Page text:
Tuesday, Oct. 1, 2013 | 2:01 a.m.
While most Americans savored the last weeks of summer, some activists were busy pushing government interference in family decisions and individuals’ rights to follow their religion and conscience.
Here’s a little of what you may have missed in your beach reading.
On Aug. 12, California Gov. Jerry Brown signed a bill mandating, in effect, that boys be allowed to use girls’ restrooms in the state’s public schools. The bill, part of an effort to advance “transgender rights,” says every student can “use facilities consistent with his or her gender identity, irrespective of the gender listed on the pupil’s records.”
The new California law applies to sports teams as well as locker rooms and bathrooms, and obviously undermines privacy and parental rights.
A week later, on Aug. 19, New Jersey Gov. Chris Christie signed a bill banning therapy for state residents younger than 18 who struggle with unwanted same-sex attraction. With a flick of his pen, Christie usurped authority from parents in deciding the care their children should receive. Shockingly, one therapy specifically permitted is assistance for minors in “transitioning” from male to female or from female to male.
New Jersey became the second state with such a ban. A few days later, the first one — California — had its law upheld as the 9th Circuit Court ruled against the rights of parents.
In other cases, bad decisions were reinforced. On Aug. 22, the New Mexico Supreme Court ruled that the First Amendment does not protect a photographer’s right to decline to take pictures of a same-sex commitment ceremony — even though doing so would violate the photographer’s religious beliefs.
New Mexico’s highest court, deciding an appeal, ruled against photographer Elaine Huguenin. The justices concluded that neither freedom of speech nor free exercise of religion protects someone from being forced to provide services for an event that is utterly contrary to his or her conscience. Never mind that other photographers could have shot the ceremony; “the price of citizenship,” one justice explained, required Huguenin to ignore her religious convictions.
To avoid such a negative court ruling, a bakery in Oregon simply decided to close. After the bakery declined to bake a cake for a same-sex commitment ceremony, Oregon’s Bureau of Labor and Industries notified the owners that they were being investigated.
“The goal is to rehabilitate,” the bureau’s Brad Avakian said. “For those who do violate the law, we want them to learn from that experience and have a good, successful business in Oregon.”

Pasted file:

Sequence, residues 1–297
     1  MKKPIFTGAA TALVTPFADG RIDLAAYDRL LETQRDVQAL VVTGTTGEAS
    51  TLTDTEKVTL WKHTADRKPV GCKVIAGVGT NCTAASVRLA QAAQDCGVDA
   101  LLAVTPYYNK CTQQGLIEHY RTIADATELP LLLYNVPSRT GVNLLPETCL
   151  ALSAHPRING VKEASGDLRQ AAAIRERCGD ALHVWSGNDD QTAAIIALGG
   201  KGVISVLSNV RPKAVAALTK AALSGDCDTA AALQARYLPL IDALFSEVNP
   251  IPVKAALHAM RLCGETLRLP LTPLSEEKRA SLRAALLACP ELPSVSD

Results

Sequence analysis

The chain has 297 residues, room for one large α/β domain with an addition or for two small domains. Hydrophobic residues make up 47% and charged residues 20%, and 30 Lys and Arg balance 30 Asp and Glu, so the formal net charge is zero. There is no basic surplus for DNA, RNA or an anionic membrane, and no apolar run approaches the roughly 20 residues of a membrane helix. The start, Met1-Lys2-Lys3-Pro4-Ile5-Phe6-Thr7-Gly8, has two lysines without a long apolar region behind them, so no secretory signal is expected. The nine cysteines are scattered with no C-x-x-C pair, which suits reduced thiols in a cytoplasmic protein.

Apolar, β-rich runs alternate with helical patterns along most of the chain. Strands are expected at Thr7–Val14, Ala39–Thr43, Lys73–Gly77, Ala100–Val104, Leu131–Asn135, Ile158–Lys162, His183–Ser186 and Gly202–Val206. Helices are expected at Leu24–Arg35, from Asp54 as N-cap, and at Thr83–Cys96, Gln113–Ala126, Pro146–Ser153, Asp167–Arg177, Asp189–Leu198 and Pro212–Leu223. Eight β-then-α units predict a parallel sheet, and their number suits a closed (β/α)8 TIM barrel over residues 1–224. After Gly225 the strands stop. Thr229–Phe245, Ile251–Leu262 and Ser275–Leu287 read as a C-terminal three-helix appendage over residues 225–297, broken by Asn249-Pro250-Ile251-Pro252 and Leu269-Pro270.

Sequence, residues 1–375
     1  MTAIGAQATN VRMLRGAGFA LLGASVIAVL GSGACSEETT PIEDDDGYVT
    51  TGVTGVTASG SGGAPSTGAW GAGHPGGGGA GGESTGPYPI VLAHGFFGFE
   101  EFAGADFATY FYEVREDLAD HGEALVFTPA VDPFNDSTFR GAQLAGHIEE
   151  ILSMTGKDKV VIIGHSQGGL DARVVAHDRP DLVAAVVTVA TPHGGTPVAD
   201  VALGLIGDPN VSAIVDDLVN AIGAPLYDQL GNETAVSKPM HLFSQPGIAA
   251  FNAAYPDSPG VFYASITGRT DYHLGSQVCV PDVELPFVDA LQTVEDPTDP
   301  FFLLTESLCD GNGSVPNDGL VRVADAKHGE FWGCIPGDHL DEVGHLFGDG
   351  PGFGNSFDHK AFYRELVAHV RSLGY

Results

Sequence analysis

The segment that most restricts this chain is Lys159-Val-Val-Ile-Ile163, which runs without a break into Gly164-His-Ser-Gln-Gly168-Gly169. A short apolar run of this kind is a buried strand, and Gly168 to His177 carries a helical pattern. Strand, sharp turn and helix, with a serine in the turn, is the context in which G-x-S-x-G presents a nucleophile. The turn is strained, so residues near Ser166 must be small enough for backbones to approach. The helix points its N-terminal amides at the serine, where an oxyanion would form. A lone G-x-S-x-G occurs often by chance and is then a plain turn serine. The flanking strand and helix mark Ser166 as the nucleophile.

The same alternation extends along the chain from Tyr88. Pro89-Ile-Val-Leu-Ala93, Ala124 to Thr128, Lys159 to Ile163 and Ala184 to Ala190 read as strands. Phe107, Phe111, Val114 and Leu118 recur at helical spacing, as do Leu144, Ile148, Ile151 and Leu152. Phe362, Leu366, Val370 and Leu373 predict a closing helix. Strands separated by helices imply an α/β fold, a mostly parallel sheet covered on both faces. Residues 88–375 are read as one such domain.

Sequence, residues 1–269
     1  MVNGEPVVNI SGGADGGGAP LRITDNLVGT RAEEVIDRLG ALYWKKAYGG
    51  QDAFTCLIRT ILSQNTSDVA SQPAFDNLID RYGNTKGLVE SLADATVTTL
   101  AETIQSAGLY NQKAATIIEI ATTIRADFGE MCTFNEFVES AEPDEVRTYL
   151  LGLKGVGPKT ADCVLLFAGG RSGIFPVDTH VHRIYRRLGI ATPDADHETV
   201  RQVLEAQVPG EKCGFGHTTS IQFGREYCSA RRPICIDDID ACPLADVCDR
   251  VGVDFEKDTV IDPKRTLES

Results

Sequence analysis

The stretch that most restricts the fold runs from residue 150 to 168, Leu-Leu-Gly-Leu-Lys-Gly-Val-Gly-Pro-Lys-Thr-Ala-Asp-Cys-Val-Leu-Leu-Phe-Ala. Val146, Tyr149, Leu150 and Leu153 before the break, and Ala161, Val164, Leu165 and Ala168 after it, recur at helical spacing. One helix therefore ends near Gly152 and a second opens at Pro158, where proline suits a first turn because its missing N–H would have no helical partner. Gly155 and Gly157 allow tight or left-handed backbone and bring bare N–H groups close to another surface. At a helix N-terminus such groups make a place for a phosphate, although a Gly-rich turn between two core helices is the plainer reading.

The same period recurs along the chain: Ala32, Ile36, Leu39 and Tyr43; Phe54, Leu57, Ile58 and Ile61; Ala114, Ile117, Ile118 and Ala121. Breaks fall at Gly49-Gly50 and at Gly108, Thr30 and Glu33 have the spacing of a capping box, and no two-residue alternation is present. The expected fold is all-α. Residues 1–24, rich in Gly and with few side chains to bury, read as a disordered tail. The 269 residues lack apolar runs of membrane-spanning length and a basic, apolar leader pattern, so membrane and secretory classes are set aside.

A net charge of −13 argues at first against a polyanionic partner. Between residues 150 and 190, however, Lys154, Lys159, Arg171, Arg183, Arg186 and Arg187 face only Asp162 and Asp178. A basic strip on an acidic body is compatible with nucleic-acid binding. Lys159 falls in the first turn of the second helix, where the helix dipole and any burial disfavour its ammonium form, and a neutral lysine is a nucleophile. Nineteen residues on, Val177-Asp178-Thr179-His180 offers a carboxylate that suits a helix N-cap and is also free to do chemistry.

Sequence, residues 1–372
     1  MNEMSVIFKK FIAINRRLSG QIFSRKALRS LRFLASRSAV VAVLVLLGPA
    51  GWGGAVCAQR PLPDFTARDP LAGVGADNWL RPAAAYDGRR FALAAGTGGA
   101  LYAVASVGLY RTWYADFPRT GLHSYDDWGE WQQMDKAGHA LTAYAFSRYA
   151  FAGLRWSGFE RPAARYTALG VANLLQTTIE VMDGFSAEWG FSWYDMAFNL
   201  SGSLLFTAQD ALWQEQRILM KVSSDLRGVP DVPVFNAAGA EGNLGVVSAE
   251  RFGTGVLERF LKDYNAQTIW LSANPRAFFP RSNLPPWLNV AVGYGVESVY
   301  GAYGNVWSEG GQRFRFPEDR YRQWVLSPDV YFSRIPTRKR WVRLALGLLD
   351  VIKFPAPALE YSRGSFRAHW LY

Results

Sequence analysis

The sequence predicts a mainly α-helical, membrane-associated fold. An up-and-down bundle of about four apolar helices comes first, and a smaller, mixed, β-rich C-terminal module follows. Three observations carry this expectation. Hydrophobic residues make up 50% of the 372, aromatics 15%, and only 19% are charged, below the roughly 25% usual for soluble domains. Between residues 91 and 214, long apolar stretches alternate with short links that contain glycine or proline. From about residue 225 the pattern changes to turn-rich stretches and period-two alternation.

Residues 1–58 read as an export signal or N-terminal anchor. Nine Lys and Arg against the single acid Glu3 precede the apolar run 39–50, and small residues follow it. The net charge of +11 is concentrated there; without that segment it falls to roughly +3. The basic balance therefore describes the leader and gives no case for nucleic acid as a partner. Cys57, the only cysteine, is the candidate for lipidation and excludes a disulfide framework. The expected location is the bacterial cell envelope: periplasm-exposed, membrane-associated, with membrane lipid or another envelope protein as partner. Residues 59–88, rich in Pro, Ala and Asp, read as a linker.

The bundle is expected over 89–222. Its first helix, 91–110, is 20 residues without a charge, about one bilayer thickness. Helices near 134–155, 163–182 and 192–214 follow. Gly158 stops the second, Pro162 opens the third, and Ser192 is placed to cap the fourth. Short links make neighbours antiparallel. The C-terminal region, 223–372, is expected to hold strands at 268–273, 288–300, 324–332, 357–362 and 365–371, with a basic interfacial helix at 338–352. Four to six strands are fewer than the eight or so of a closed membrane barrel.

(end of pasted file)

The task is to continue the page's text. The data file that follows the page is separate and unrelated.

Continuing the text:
Rehabilitate? A Soviet apparatchik could not have said it better. After facing threats and sometimes violent protests, Sweet Cakes by Melissa shut its doors over Labor Day weekend. It became strictly a home operation to avoid a coercive law that creates special protections for sexual orientation and gender identity.
On Sept. 5, the San Antonio City Council passed a similar sexual orientation measure. Jeff Mateer, general counsel for the Christian legal defense group Liberty Institute, predicts anyone who speaks in favor of marriage as the union of a man and a woman is “going to be disqualified from serving or contracting with the city of San Antonio.”
At the same time, California’s legislature was poised to pass a bill that would have stripped tax-exempt status from groups such as the Boy Scouts because of policies on sexual orientation. Though it had passed the state Senate, 27-9, the bill was tabled in early September after criticism from the Los Angeles Times.
These laws are creating a climate of intolerance and even intimidation for Americans who believe that we are created male and female, that marriage is the union of a man and a woman, and that sexual relations are properly reserved for marriage.
These laws are used to trump fundamental civil liberties such as free speech and free exercise of religion.
For a movement that claims to strive for freedom, it is a bit hypocritical to try to restrict the freedom of others to live as they see fit.
No one should be abused or mistreated. The law protects us from such wrongs. But we shouldn’t use the law to coerce and penalize those who seek to follow their own consciences.
Ryan Anderson is the William E. Simon Fellow at The Heritage Foundation.